LISTEN: 911 calls reflect chaos during Atlanta airport gun discharge incident

A gun went off Saturday, Nov. 20, 2021, in Hartsfield-Jackson International Airport, panicking travelers and delaying flights. On Sunday, travelers were reminded of the safety precautions with “No Weapons Beyond This Point” signage. The airport was filled with long lines snaking their way to the security checkpoints.

Credit: The Atlanta Journal-Constitution

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A gun went off Saturday, Nov. 20, 2021, in Hartsfield-Jackson International Airport, panicking travelers and delaying flights. On Sunday, travelers were reminded of the safety precautions with “No Weapons Beyond This Point” signage. The airport was filled with long lines snaking their way to the security checkpoints.

Credit: The Atlanta Journal-Constitution

Credit: The Atlanta Journal-Constitution

Recordings of 911 calls after a passenger’s gun went off at the main security checkpoint at Hartsfield-Jackson International last month convey the chaos and fear of people in the terminal who ran, hid and were initially told there was an active shooter in the airport.

Airport officials later that afternoon said the incident was not an active shooter, but an accidental gun discharge. The firearm went off when a passenger whose bag was being searched at the main security checkpoint lunged into the bag, grabbed a gun from it and fled, authorities said.

But at first, there was confusion about whether what people heard was an explosion at the checkpoint or shots fired, prompting a stampede of people fleeing the area.

The Atlanta Journal-Constitution requested copies of the 911 calls that were made in connection with the chaos that began around 1:30 p.m. Nov. 20 at the airport. Immediately after the incident, dozens of people called 911 to report what they were witnessing — and to try to find out what was happening. Some were scared, distressed or crying.

One airport volunteer who was stationed at the meet-and-greet area called and said she saw people running through the terminal.

“Everybody is coming this way toward me talking about gunfire,“ she said. “I see a police officer. He has a gun out.”

“I guess I’m told to get down, I don’t know!” she shouts. “Oh my god.”

Many who called in early on during the lockdown were told by a 911 operator that there was a possible active shooter, and to take cover and stay quiet. People were told they could not leave the airport until the situation was cleared, and transportation to the airport was shut down.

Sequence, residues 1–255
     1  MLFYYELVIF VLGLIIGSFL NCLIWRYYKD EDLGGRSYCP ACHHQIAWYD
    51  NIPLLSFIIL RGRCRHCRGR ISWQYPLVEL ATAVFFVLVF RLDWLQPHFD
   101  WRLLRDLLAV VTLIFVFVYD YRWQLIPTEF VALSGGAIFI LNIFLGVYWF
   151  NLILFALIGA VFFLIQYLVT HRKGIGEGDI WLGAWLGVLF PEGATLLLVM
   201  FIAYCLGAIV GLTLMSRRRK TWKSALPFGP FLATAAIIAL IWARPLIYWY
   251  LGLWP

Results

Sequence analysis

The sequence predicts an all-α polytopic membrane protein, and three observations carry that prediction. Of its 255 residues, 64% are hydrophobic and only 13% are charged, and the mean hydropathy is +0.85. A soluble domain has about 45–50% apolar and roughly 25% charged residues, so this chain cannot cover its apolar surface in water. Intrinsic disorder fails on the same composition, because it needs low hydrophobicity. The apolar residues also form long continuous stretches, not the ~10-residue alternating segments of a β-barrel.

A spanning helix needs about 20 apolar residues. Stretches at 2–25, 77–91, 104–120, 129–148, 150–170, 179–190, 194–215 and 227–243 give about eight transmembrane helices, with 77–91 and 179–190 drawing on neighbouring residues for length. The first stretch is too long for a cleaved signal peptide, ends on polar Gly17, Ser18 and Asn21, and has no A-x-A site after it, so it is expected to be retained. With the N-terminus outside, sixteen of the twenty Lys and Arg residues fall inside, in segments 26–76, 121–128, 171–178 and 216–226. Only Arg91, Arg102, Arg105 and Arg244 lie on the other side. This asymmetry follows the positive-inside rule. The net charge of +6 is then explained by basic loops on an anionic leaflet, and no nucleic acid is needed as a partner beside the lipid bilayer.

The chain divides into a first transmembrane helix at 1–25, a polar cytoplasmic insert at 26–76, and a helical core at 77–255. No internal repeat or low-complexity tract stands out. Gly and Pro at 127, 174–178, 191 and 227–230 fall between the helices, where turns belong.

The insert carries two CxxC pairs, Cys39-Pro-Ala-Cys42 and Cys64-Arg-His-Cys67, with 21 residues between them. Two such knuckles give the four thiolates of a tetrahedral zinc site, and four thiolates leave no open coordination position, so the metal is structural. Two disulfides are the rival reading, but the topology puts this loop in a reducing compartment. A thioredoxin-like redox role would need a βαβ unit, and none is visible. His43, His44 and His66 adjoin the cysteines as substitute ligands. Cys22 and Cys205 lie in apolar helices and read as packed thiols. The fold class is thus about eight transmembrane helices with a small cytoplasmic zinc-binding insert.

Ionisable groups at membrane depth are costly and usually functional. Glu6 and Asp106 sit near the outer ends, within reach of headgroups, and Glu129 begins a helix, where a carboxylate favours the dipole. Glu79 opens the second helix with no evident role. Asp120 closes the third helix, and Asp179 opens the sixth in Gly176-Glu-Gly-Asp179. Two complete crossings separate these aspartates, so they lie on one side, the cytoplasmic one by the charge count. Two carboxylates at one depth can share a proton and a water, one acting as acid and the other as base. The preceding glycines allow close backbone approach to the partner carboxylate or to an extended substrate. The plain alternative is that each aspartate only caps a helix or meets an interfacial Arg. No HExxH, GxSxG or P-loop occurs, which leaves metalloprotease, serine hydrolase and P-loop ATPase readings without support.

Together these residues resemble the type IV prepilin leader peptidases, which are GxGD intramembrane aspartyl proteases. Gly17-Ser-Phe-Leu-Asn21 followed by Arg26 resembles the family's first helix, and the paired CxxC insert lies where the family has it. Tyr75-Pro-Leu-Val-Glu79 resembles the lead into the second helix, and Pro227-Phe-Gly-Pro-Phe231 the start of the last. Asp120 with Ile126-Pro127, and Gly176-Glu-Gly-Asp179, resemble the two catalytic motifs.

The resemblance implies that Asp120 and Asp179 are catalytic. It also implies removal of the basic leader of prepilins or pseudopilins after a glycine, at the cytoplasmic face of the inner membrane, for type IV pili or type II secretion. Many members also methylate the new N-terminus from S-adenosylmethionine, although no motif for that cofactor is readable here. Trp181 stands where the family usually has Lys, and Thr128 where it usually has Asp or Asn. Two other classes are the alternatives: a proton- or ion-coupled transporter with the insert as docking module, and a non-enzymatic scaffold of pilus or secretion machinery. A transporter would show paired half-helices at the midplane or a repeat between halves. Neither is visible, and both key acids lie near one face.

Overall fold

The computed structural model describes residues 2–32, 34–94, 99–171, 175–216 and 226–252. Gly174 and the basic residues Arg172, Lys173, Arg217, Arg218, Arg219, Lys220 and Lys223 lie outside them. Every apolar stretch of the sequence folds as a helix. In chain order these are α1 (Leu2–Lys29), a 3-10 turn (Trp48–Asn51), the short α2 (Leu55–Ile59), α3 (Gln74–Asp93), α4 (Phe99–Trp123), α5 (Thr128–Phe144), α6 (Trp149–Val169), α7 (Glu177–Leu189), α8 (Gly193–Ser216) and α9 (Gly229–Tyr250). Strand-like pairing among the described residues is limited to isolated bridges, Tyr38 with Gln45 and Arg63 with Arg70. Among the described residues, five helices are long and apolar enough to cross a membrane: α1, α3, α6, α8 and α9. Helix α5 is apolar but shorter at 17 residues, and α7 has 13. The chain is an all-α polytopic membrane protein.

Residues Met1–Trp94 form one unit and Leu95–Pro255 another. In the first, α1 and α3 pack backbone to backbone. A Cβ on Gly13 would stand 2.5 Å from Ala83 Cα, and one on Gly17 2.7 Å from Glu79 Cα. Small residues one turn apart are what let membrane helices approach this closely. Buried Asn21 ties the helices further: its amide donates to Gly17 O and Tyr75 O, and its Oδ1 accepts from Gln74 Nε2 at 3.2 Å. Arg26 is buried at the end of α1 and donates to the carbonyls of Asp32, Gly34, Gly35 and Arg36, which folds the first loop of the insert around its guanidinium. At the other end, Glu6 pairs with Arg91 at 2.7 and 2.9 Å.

“We have an active shooter inside the airport, so we need everybody to stay clear and stay safe and stay down,” one operator told a caller.

More than a dozen calls were for medical assistance for people who were trampled, who fell or were injured while running from the scene or rushing down escalators, or felt ill after the incident.

The gunfire occurred at the security checkpoint in the main terminal, which exits onto Concourse T, and an operator told callers on Concourse T to shelter in place and at one point told people in the terminal to stay clear of the concourse.

One woman who heard there was an active shooter called and said she was at the airport with her baby, her husband and her mother. “I’m just hearing screaming and I don’t know what to do. I’m shaking,” she said. “Is the shooter by me?” The operator told her she didn’t have any information and advised her to stay out of sight and that officers were securing the area.

After about an hour-and-a-half of confusion while passengers sheltered in place, airport officials gave the all clear and passengers began boarding flights again — though the suspect was still at large at the time.

At one point, a 911 operator began calling emergency rooms around metro Atlanta asking if a patient had come in with a gunshot wound to the leg, based on the belief that the suspect may have been hit.

Even after the all-clear was given, some confusion continued as people attempted to get into or out of the airport amid gridlock from the backup of traffic during the lockdown.

Airport officials later said the suspect left the airport, and days afterward they found the gun in a garbage can. The suspect, Kenny Wells Jr., 42, turned himself in more than a week after the incident.

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